Elmore Leonard: A Tribute to the Late, Great Crime Novelist
Author Lorenzo Carcaterra reflects on the life of his friend, the legendary writer Elmore Leonard.
Photo: Everett Collection | Licensed to Alpha Media Group 2013
Elmore Leonard died this week at the age of 87, the result of a stroke suffered three weeks ago. The day the stroke hit, Leonard was doing what he had been doing since 1951—the year he sold his first short story, a western, to Argosy Magazine—writing. He was working on his 46th novel, Blue Dreams.
Leonard, known as “Dutch” to his friends—a nickname he lifted from a Washington Senators baseball pitcher who shared the same last name—came out of the world of advertising, writing copy during the day and getting up before the sun rose to write two pages of a novel every morning. He would finish one page before he allowed himself a taste of that first cup of coffee. Those early westerns set the tone of what was to come—sharp dialogue; terse, spot-on descriptive scenes; characters who spoke real dialogue; gritty men and women working their way out of hard corners in a world without give. Two of those westerns are classics: 3:10 to Yuma and Hombre.
Soon enough, Leonard had published dozens of short stories and six western novels, but it still didn’t bring in enough money to support a family that would grow to include five children and a mortgage. He had been fired from his advertising job. He had been asked to write copy for a print ad for a Ford truck. After much thought, Leonard wrote, “It never breaks. You just get tired of looking at the son of a bitch.”
Low on money but rich with a talent few writers who put words to paper possess, Leonard got lucky and latched on to the legendary Hollywood agent, H.N. Swanson. He was an agent who could have easily been a character in a Leonard novel—tough, un-bending, honorable, and who excelled at what he did. Swanson was the one who told F. Scott Fitzgerald that he had written a great book, but it had a shitty title—Trimalchio in West Egg—“That wouldn’t have sold eight books,” Swanson told me many years ago. “Scott was a smart man. He changed the title. He called it The Great Gatsby.”
His advice to Leonard also proved valuable. “He was just a pup when I read his westerns,” Swanson told me. “I told him to forget the cowboy stuff and write stories with women in them. He did and I made him a millionaire.”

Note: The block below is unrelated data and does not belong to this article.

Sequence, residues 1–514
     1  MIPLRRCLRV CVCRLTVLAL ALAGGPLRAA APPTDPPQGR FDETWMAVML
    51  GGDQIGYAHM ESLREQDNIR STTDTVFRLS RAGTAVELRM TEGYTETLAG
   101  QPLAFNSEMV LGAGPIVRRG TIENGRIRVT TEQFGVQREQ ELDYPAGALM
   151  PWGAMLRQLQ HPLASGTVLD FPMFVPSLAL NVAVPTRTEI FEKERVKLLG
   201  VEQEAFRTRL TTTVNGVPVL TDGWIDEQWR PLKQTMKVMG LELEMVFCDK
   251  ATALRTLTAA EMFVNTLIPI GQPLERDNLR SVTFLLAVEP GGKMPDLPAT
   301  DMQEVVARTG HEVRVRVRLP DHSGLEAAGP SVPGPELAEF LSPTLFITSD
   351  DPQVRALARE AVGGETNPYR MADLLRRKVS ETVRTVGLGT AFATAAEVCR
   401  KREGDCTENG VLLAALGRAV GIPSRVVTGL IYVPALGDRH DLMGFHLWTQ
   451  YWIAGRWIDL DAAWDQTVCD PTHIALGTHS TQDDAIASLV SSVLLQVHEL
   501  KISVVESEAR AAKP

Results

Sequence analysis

Leonard had told me that story years earlier when I first met him. “Swanny asked me if I liked girls,” Leonard said. “I told him I did and he said give me a book with a girl in it, make it contemporary, and send it to me. A year later I sent him my first non-western novel.”
That was The Big Bounce, a book so good that Hollywood made not one but two bad movies inspired by it. From that day to the day the stroke hit, Leonard never stopped—putting felt tip to paper—writing novels, screenplays, and short stories that turned the world of crime fiction on its head and forced the literary crowd to concede that Leonard not only belonged in their company, but more than that, he deserved to be at the head of the line. The heroes were flawed: loan sharks (Get Shorty), ex-cons (Stick), and one take-no-prisoner U.S. Marshal—Raylan Givens, featured in Riding the Rap, Pronto, Raylan, and the short story, “Fire in the Hole,” which inspired the hit FX series, Justified.
Leonard referred to his characters as “my guys,” wrote dialogue as real and as sharp as a slap to the face, and never ventured into heavy descriptions of clouds or passing scenery (“the parts the readers skip”), always moving the story forward, keeping it going through the actions of the characters he loved to bring to life.
It was an honor to have known Elmore Leonard. He was low-key, reserved, and wickedly funny with a sly, deadpan delivery. He loved baseball and movies (of the many adaptations of his books to screen, he favored Get Shorty, Out of Sight, and the TV series, Justified). When he saw the Ryan O’Neal film version of The Big Bounce, he called it “the second worst movie [he’d] ever seen.” Years later, when he saw the re-make of that same movie, he said, “Now I’ve seen the worst.”
He wrote feature films for Clint Eastwood (Joe Kidd) and Charles Bronson (Mr. Majestyk), and a book a year, every year, for no other reason other than “it was fun.”
He was the writer other writers always made a point to read. The late George V. Higgins (The Friends of Eddie Coyle) once told me it was Leonard who initially had the audacity to start a chapter in the middle of a conversation. “I had never read that before,” Higgins said. “It was amazing.”
Leonard smiled when I relayed the story to him. “Really?” he said. “I thought I lifted that bit from George. Either way, it works.”
He had a favorite actor, one he wrote many of his characters with in mind—Richard Boone of Have Gun, Will Travel fame. “He had the look and the attitude,” Leonard said. “And he could say the words and have you believe them.”
To many, Elmore Leonard will be remembered as one of the masters of crime fiction. But he was more than that. Much more. He was one of the best writers this country has ever produced. The late great writer Harry Crews once said, “No writer, I don’t give a shit who it is, wants a fucking adjective before his name—crime writer, horror writer, comedy writer. Fuck all that. You are a writer, period. You either deliver the goods or you don’t.”
Elmore Leonard was a friend. He was a father. A grandfather. A great-grandfather.
And he delivered the goods.
Delivered them better than any writer worthy of the name.
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